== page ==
I almost had no words to explain how it all felt. Sure, I annoyed my +1 (Hi, mom!) and a couple of friends (I see you Anjelica and Kevin!) with some fears about everything. But, I was mostly entirely back in my element. As an observer, an enjoyer. I ensured we got pretty good spots to watch the show, over by the rail on the right side next to the stage. Dermot Kennedy’s Kansas City (Missouri) leg of his Better Days tour was officially sold out at the Uptown Theater, however, there was substantial space on the sides of the stage to ensure that we felt comfortable. I did some people watching like I used to. (I’d like to think that people couldn’t handle their liquor because they hadn’t imbibed at that level in a while, but who knows?) And, truly, I spent the majority of the evening belting out lyrics behind my mask, staring up at the shadows dancing on the ceiling, really indulging in the collective atmosphere of it all.
Set List: Lost Power Over Me All My Friends An Evening I Will Not Forget Outgrown The Corner Rome For Island Fires and Family Outnumbered Better Days Moments Passed Glory Giants Encore: After Rain Without Fear
Thank you to Anna Hamilton, Bishop Briggs, and Dermot Kennedy for “an evening I will not forget.” (I know I’m the first one to use that reference, of course.) I can only say that it helped to inflate my sad, darkened, emo heart. So perhaps I’ll Grinch less for a while. 😉
Anna Hamilton and Bishop Briggs thoughts + photos to come.
Thursday, March 18th brought with it some new sounds from far-off places. I was overjoyed to sit in on night 2 of “Close Up: A Sounds Australia Showcase.” Hosted by Dom Alessio of Sounds Australia, this relaxing evening featured music by Kee’ahn, Beans, Death by Denim, The Chats, and Kota Banks & Ninajirachi.
We think the photos do this showcase quite a bit of justice. The feeling of connecting with the earth and these natural landscapes while engaging with incredible international artists is absolutely captivating. Check out the snaps below, and add these bands to your next playlist!
The first day of SXSW was filled with films for me. One in particular that caught my eye from the moment I saw the lineup was a short – 10 minutes – film namedThe Beauty President.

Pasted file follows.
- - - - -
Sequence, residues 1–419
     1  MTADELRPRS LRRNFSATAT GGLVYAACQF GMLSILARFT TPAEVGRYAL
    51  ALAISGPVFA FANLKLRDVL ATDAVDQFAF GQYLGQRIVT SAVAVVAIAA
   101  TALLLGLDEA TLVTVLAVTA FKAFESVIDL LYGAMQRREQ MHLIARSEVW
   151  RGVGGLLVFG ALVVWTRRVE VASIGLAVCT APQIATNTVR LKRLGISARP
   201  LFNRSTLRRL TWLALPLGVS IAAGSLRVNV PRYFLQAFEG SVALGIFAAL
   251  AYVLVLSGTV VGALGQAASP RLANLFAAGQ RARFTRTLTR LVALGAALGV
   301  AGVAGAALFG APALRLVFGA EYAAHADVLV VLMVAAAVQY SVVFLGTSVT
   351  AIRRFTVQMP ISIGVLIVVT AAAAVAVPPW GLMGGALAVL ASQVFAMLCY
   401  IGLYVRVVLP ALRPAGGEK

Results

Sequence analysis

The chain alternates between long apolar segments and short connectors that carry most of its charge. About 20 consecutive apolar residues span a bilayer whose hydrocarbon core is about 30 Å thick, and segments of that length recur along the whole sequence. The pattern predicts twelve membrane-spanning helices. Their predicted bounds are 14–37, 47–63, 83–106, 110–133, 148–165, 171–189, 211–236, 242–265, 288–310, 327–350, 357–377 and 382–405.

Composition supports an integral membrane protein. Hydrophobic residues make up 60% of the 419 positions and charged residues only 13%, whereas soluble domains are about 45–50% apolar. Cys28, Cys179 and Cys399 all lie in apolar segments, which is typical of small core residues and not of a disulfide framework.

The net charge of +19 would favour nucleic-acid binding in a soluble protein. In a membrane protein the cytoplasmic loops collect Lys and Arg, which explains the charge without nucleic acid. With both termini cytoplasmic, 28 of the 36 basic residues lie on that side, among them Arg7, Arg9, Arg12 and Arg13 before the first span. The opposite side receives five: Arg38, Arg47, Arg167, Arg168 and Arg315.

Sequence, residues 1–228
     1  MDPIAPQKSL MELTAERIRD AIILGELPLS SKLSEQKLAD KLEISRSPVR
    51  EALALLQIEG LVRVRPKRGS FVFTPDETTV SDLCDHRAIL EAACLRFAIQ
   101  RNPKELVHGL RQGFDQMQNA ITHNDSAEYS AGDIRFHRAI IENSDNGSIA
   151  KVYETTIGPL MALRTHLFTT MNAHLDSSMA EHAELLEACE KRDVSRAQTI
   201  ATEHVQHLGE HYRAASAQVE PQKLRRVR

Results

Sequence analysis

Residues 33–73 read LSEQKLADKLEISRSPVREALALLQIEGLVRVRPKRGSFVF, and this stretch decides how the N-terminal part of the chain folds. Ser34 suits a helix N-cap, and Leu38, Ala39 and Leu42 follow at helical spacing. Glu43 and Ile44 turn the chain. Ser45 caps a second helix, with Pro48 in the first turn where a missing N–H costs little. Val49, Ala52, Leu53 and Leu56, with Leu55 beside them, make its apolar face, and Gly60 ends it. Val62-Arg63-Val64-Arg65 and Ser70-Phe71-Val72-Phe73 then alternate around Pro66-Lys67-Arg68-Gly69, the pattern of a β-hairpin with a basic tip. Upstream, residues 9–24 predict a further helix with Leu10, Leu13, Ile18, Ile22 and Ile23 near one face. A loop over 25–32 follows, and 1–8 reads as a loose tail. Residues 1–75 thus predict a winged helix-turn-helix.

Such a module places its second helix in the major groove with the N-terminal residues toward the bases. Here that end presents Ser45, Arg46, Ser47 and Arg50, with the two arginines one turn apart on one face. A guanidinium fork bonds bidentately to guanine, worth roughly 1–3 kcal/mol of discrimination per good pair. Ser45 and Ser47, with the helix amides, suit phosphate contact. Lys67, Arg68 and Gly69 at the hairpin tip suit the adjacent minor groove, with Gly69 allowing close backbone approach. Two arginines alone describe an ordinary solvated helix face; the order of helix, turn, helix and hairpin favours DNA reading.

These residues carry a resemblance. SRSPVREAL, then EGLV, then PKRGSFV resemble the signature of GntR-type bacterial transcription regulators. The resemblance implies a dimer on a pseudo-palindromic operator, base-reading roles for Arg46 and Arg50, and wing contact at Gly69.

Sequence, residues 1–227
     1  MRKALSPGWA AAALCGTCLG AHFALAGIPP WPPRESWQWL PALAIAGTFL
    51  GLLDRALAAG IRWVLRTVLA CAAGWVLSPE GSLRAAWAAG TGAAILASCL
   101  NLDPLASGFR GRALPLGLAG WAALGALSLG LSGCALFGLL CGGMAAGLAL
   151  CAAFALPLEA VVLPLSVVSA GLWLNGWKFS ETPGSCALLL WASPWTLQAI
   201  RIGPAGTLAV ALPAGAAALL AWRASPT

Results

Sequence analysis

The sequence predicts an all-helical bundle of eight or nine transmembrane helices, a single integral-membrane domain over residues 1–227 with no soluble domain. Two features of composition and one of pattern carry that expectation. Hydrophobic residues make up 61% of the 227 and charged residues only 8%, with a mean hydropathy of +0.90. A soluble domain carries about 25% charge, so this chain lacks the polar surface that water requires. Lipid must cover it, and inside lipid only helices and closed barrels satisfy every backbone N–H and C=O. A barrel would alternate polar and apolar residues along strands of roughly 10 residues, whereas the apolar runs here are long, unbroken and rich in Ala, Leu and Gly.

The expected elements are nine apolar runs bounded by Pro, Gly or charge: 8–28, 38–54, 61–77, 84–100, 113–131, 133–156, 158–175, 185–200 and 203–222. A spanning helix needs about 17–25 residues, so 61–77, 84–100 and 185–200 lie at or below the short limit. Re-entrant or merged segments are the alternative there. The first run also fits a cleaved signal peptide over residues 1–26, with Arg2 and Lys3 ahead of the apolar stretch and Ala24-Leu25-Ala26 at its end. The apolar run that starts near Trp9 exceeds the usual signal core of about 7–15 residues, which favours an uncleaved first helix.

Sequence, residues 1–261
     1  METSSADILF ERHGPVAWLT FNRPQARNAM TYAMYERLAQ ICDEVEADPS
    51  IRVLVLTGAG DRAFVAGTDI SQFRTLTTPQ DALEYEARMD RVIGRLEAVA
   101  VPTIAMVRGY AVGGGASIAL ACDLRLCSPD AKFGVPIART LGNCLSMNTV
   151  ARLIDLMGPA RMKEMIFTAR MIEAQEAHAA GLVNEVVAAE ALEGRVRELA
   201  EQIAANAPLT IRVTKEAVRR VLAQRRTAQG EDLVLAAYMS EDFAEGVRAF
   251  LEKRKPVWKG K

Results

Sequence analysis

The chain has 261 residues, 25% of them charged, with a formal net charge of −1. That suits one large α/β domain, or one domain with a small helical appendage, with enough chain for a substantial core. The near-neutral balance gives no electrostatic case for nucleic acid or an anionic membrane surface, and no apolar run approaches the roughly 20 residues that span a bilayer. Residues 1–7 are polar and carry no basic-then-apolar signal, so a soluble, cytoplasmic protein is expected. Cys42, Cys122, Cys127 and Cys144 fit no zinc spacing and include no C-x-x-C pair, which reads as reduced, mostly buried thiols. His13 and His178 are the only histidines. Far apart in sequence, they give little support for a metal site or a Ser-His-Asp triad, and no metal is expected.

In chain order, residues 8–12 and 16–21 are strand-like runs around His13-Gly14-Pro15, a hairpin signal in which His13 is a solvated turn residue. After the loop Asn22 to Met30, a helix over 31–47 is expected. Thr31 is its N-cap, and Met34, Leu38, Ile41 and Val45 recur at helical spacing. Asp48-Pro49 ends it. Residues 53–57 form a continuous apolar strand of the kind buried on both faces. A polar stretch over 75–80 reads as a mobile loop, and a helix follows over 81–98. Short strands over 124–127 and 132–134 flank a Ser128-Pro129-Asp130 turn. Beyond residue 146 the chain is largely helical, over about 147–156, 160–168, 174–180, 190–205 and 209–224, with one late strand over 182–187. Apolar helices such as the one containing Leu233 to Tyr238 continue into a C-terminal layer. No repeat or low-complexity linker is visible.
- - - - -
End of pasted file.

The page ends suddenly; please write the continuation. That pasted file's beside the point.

Director Whitney Skauge has told a true story that most people may not be aware of – the 1992 bid for the White House by a write-in candidate. Not just any write-in candidate, but drag queen Joan Jett Blakk, an openly queer candidate. In referring to Ronald Reagan, she reminded us that “If a bad actor can be elected president, what about a good drag queen?”
At the height of the AIDS crisis in America, Joan Jett Blakk ran on a platform of health care for all and education – in fact, she wanted to switch the budget for the military with the budget spent on education. The healthcare was especially important in a time during our history when people were dying of AIDS at an alarming rate and antiretroviral drugs had yet to be developed to combat the HIV infection.
Although not considered a political threat, Joan Jett Blakk was an officially registered candidate. In video from the convention, we see that she even made it to the convention floor. Skauge used footage from the era and current interviews with Terence Alan Smith (the man behind Joan Jett Blakk) to convey a moment in history. I only wish it was longer than 10 minutes – I wanted to hear more of Smith’s story and I wanted Whitney Skauge to commit it to film.
On Friday night (3.19) we hung out at the Park The Van Records showcase. Everyone’s own unique ambiance added to the intimate nature of each incredible performance. Johnny Aries kicked it off strong with a track and our first parking cone of the night.
Sacramento’s own Best Move followed mellowing the mood out a bit more. Their debut LP is due later this year.
Brighton-based talent Steven Bamidele came third, with a traffic cone in his own recording space. His was our favorite performance of the evening.
Fan favorite Mae Powell followed, adding back in some moody lighting to reflect the Friday night mood.
Neighbor Lady‘s set came from a very open and beautifully lit space, taking advantage of the most gorgeous natural light. The warm tones enhanced the warmth and energy of the tracks, and we found ourselves grooving during this set.
BOYO brought intrigue to the space, rounding out the evening with Park The Van Records. We are big-time fans of their energy, and looking forward to more from this project.
Murder by Death returned to Lawrence, KS, on March 7 for a show at historic Liberty Hall. The group is mid-way through their current tour celebrating 20 years as a band. The crowd was so happy to welcome them back to Lawrence. The night included a great moment when lead singer, Adam Turla, acknowledged their love and long history with the town, from playing house parties in the early 00’s, to Liberty hall on Saturday. The group was energetic and cohesive – you could tell they’ve been performing together for 20 years.